Warily he would usher his family into the rooms occupied by the school’s home economics department.  There was a bedroom and bathroom, kitchen and living room.  Nothing fancy, but furnished and well-lit. 

Girls learning homemaking in school, 1930s

Good enough for the family to relax, prepare and eat meals, complete homework, wash up, and sleep through the night. 

It was the fall of 1945 in Eastchester, N.Y., a town in the New York City suburbs that started life as a seventeenth-century English settlement.  Within its five square miles, the direst housing shortage in the nation’s history had come home to roost.

Worst of all was that the returning veterans had to scramble for places to live.  “Dog-tired soldiers can’t come home to Detroit.  There aren’t any houses,” according to a headline in the Detroit Free Press.

A classified ad in the Omaha World-Herald offered “Big ice box, 7 x 17 feet inside.  Could be fixed to live in like a trailer.”

The housing famine, as some called it, preceded the postwar boom in housing and roads. Out on Long Island, Levittown’s 17,000 houses would go up in a record four years, but the farmers who sold their land to the builder were harvesting their potatoes until construction started in 1947. 

It was estimated that the nation would need 12.6 million new dwelling units during the first decade after the war.

But major shortages stood in the way of a quick end to the housing crisis: a shortage of labor and a shortage of supplies, their destinies entwined.  

From Architectural Forum (1945)

While the Army had released large amounts of lumber to industry, the timber remained standing in the woods of northern California, Oregon, Washington State, and Idaho.  The reason was that 60,000 American Federation of Labor (AFL) members had struck in nearly 500 lumber camps and logging mills, asking for $1.10 / hour.  No one held out hope for quick mediation.  

Labor was missing across all manufacturing sectors.  Big American Radiator & Standard Sanitary Corp., which formerly turned out 3,000 bathtubs per day, was now fortunate to produce 3,000 tubs per week.  Steel production had slowed, with capacity output not expected until spring of 1946.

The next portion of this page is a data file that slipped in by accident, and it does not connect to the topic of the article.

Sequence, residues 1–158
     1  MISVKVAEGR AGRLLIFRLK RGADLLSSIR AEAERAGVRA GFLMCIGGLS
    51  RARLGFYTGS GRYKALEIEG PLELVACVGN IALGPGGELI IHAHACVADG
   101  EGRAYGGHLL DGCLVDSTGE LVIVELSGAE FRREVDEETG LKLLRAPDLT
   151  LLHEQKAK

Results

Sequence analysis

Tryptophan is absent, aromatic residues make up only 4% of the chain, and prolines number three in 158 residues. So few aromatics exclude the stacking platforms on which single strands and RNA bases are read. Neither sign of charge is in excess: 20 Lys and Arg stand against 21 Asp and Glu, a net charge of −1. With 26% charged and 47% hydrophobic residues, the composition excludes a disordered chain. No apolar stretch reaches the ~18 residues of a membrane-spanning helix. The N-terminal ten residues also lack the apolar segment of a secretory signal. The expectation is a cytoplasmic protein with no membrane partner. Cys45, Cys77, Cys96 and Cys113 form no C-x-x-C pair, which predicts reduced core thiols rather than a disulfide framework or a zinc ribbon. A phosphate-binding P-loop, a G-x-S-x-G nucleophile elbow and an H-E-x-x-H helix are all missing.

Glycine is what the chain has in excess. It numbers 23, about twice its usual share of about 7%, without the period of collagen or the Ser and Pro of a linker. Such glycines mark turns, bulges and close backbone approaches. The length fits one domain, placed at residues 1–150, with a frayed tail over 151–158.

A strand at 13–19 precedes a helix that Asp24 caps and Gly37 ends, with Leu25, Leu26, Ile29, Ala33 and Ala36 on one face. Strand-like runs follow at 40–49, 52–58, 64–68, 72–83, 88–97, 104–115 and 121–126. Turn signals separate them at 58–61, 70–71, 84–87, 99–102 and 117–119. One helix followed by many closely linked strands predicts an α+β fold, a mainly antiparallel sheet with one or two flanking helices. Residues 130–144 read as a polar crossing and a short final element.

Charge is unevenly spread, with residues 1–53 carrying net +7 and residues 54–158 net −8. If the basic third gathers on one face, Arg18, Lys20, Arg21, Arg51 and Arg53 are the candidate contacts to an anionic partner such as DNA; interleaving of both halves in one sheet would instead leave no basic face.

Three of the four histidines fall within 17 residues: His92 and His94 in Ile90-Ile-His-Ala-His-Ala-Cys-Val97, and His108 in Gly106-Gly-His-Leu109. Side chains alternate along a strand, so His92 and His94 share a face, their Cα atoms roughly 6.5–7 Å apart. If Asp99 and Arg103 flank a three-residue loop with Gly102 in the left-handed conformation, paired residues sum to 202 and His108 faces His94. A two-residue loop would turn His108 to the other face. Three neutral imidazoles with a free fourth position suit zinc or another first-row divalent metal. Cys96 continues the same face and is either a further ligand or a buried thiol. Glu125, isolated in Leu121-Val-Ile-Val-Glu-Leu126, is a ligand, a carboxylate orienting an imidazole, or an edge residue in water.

Keg of nails?  How quaint. 

As housing starts stalled, veterans and labor organizations looked reflexively to the government for a solution to the crisis. 

Three senators – Robert F. Wagner of New York, Robert H. Taft of Ohio, and Allen J. Ellender of Louisiana – started work on a bill that would “provide a decent home and suitable living environment for every American family.”  This bill also mandated the clearing of urban slum areas to create low-rent housing, which created new problems related to the displacement of poor people.

  Georgia, 1945: black families displaced by
postwar construction lived in tent cities 

that resembled Eastern European shtetls. 

Meanwhile, private industry recognized that the time had come to reject price controls and set its own production goals or else submit to interminable government regulation.

Indeed, after Congress finally declared a national housing emergency in May 1946, President Truman took steps to free builders from government constraints on supplies and construction.    

But he met fierce opposition from veterans’ groups who opposed the government’s removal of priorities, subsidies and market guarantees.  They worried that veterans would be unable to afford the new housing.  The stalemate lasted several years.

"A home from a Quonset Hut" appeared in
House Beautiful (September 1945).

Back in Eastchester, Superintendent Ward I. Miller, who had moved his family into the high school, was not a veteran.  Perhaps he wanted to save money, or his salary did not cover housing costs, or he could not find just the right home.  Which it was remains unknown. 

Despite their shock, the school trustees did not fire Miller.  He stayed on until 1946 and then became superintendent of schools in Wilmington, Delaware. 

One must admire Miller’s clever choice of a place to live. 

Beginning in the late nineteenth century, as student enrollment soared, U. S. public school administrators accepted the charge to teach homemaking.  School buildings were constructed or retrofitted with small apartments where girls learned to cook and clean under the tutelage of home economics instructors who knew all the best recipes for gruel.   

Since the home economics curriculum modeled hygiene, diet and family life, it fit neatly with the overarching goal of Americanizing immigrants.  In Eastchester, such an effort would have been directed at the daughters of Italian immigrants who began moving to the town during the mid-1920s.   

Surely the Millers left the apartment in immaculate condition when they tiptoed out each morning.

The Little Time Traveler

  Last fall, my adorable grandson, halfway between two and three years, was finally tall enough to look at the family pictures arranged on a...